Athabasca Glacier (see next entry) is the final stop before entering Banff National Park.
Drive carefully on the Icefields Parkway in winter, and be warned that the road becomes unsafe for driving after heavy snow.
If you are continuing on to Banff National Park, consult my recommended Banff itinerary for planning your onward travels.
9. Visit the Toe of Athabasca Glacier
The Athabasca Glacier, a branch of the immense Columbia Icefield, is the most visited glacier in North America.
In winter, it’s not easy to reach, but if you’re willing to strap on a pair of snoeshoes or cross-country skis, that will help! Just note that it is not safe to go on the glacier itself, even the toe of it, as people have died there before.
The glacier is located at the southern end of Jasper National Park before Icefields Parkway crosses into Banff National Park.
10. Drive to Medicine & Maligne Lake
Another highly scenic drive you can do in winter is the 43-kilometer drive (one way) along Maligne Lake Road, accessible from Moberly Bridge over the Athabasca River, just north of Jasper town.
Stop to admire the views at Edith Lake and Maligne Lookout, with the option to stop at Maligne Canyon (see #2). Next, don’t miss the little pullover on the left side, called Lower Maligne Day Use Area, where you can walk along Maligne River to find two beautifully located Parks Canada Red Chairs (see #6).
Park at the tip of Medicine Lake, from where a wooden staircase goes down to the lakeside (see photo above). There’s no trail around the lake, but you can walk out onto the lake when the ice is thick enough.
Finally, the road ends at Maligne Lake, where there are a few short trails and viewpoints of the lake.
Watch out for wildlife on this drive!
11. Go snowshoeing or Cross Country Skiing
Another rewarding way to enjoy Jasper National Park in winter is on a pair of snowshoes or cross-country skies.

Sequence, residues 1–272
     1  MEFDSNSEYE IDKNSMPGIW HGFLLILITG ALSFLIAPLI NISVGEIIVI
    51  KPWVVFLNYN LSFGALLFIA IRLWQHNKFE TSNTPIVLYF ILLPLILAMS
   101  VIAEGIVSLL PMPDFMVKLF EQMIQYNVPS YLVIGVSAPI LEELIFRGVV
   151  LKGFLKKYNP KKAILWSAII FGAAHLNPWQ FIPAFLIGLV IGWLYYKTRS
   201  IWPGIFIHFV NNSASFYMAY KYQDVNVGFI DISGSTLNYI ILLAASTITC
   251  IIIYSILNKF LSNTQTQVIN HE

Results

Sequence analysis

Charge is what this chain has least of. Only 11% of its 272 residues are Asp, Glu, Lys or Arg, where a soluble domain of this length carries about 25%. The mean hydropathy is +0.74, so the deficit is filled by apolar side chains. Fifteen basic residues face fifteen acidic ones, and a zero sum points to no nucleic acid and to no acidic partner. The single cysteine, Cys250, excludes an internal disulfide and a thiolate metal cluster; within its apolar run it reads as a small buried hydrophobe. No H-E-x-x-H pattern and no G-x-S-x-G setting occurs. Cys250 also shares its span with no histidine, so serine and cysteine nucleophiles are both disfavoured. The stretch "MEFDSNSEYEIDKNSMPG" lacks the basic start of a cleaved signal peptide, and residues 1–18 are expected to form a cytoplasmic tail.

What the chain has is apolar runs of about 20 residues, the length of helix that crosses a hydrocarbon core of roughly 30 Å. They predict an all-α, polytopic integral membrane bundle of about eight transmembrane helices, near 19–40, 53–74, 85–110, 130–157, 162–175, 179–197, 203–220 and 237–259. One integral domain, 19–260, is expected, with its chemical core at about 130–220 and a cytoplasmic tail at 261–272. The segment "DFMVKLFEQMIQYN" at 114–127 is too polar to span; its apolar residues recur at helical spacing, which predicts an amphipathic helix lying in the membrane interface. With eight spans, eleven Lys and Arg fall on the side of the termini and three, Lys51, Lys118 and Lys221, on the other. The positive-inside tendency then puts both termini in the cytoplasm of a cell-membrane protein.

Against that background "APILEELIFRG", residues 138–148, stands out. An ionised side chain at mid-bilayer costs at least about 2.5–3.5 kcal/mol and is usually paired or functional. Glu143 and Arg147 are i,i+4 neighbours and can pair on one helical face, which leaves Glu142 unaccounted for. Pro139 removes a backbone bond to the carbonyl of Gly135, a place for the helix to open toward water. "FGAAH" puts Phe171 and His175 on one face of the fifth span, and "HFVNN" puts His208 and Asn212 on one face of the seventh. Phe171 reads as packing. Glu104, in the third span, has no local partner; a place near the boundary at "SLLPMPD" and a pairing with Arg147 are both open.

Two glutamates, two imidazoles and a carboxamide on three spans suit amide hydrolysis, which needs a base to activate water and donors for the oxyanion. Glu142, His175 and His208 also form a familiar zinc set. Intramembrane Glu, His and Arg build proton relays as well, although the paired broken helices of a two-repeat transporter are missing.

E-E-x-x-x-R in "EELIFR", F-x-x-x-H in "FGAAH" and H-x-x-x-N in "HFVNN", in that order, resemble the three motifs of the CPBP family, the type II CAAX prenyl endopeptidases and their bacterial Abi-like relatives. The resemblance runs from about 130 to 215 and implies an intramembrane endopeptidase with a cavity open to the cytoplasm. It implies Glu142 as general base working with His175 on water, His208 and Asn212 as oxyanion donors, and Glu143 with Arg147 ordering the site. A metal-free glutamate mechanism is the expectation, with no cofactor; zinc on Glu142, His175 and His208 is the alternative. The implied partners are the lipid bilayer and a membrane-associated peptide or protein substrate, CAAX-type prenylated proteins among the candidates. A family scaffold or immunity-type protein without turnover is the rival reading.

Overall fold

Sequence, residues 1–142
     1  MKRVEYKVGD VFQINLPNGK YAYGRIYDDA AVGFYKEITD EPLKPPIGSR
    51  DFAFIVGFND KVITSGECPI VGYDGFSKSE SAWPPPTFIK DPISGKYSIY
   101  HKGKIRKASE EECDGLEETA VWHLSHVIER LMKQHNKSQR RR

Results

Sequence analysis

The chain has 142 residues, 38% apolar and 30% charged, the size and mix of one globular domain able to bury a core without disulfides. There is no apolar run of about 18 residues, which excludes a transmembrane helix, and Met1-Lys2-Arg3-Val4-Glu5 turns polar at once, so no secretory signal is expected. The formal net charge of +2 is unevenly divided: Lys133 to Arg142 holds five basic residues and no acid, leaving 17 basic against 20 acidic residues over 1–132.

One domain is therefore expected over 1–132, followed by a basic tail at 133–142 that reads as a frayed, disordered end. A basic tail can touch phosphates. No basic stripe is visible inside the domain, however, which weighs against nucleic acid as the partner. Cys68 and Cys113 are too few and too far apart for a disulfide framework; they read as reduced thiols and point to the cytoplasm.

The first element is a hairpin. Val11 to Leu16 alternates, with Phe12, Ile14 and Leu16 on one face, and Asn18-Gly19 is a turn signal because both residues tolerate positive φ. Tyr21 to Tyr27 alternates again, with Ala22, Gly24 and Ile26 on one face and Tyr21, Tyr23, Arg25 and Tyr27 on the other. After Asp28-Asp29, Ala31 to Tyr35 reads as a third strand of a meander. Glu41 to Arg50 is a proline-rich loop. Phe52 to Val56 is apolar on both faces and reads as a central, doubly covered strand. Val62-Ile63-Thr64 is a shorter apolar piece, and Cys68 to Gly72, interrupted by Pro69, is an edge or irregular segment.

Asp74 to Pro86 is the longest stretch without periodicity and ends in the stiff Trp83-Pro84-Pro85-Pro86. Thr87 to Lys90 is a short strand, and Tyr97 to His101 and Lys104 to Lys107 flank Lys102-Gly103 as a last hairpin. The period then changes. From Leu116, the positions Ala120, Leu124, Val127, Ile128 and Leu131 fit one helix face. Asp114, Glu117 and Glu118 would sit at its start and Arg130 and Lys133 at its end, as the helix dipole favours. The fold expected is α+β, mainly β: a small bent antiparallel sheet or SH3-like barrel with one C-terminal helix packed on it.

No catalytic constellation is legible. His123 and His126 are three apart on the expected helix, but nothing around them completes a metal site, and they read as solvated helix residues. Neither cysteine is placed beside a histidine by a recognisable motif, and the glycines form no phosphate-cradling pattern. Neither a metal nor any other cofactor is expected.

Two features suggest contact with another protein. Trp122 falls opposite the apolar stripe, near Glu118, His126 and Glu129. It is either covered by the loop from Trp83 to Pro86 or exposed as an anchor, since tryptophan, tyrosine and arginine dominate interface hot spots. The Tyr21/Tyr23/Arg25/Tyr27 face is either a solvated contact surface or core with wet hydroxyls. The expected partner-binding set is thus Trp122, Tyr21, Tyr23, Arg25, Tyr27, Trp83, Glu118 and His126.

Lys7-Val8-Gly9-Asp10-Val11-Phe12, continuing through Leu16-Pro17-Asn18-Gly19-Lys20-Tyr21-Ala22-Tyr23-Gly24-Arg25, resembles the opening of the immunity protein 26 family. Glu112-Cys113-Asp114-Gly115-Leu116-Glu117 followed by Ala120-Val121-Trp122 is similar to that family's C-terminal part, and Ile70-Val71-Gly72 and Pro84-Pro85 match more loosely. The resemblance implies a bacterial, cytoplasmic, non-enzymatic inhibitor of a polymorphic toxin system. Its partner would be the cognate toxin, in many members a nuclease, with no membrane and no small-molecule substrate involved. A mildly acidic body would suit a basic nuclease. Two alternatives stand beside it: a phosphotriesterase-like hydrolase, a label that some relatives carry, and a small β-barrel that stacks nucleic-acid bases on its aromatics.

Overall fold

Some of the best spots for snowshoeing include Pyramid Lake, Medicine Lake, Maligne Lake, and Lower Sunwapta Falls. Here’s a complete list of the best easy and moderate snowshoeing trails in Jasper.
For cross-country skiing, try Moab Lake trail, Leach Lake Trail near Athabasca Falls, or the difficult trail at Pyramid Fire Road. See more details about these cross-country skiing trails here and here.
You can rent showshoes or cross country skis at Totem Ski Shop in Jasper Town.
12. Snuggle up by a Fireplace
After a day of skiing or other outdoor winter activities in Jasper, nothing beats sipping a hot chocolate (or hot toddy) beside a roaring fire indoors.
One of the best fireplaces in town is in the Jasper Park Lodge lounge. It’s a tall stone fireplace, with windows looking out at Beauvert Lake.
Other hotel restaurants with a real fireplace include the teepee-shaped one at Sawridge Hotel (see on Booking / Agoda / TripAdvisor), which is partly owned by Cree First Nations and where we usually stay in Jasper, and Maligne Canyon Wilderness Kitchen at the Maligne Canyon main parking lot.
If you’d like your own private fireplace in a hotel room, there are many options in Jasper. Try Pyramid Lake Resort (see on Booking / Agoda / TripAdvisor), Pocahontas Cabins (see on Booking / Agoda / TripAdvisor), Bear Hill Lodge (see on Booking / Agoda / TripAdvisor), or Jasper Inn & Suites (see on Booking / Agoda / TripAdvisor).
13. Dine out in Jasper Town